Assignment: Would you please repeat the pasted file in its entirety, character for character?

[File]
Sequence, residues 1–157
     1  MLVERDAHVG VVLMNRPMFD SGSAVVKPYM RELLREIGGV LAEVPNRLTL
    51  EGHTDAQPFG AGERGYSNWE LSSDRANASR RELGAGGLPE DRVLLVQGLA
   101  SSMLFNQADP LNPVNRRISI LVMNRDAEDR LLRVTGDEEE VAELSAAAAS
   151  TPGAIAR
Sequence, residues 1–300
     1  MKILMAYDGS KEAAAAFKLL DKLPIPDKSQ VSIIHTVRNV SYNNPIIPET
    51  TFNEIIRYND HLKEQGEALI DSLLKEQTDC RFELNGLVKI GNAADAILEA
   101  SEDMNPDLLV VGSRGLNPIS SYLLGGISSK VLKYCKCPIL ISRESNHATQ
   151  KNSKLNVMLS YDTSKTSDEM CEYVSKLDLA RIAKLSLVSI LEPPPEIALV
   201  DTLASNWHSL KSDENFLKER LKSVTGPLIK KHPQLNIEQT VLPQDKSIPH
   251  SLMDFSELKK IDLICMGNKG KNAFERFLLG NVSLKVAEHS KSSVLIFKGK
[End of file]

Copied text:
Sequence, residues 1–157
     1  MLVERDAHVG VVLMNRPMFD SGSAVVKPYM RELLREIGGV LAEVPNRLTL
    51  EGHTDAQPFG AGERGYSNWE LSSDRANASR RELGAGGLPE DRVLLVQGLA
   101  SSMLFNQADP LNPVNRRISI LVMNRDAEDR LLRVTGDEEE VAELSAAAAS
   151  TPGAIAR
Sequence, residues 1–300
     1  MKILMAYDGS KEAAAAFKLL DKLPIPDKSQ VSIIHTVRNV SYNNPIIPET
    51  TFNEIIRYND HLKEQGEALI DSLLKEQTDC RFELNGLVKI GNAADAILEA
   101  SEDMNPDLLV VGSRGLNPIS SYLLGGISSK VLKYCKCPIL ISRESNHATQ
   151  KNSKLNVMLS YDTSKTSDEM CEYVSKLDLA RIAKLSLVSI LEPPPEIALV
   201  DTLASNWHSL KSDENFLKER LKSVTGPLIK KHPQLNIEQT VLPQDKSIPH
   251  SLMDFSELKK IDLICMGNKG KNAFERFLLG NVSLKVAEHS KSSVLIFKGK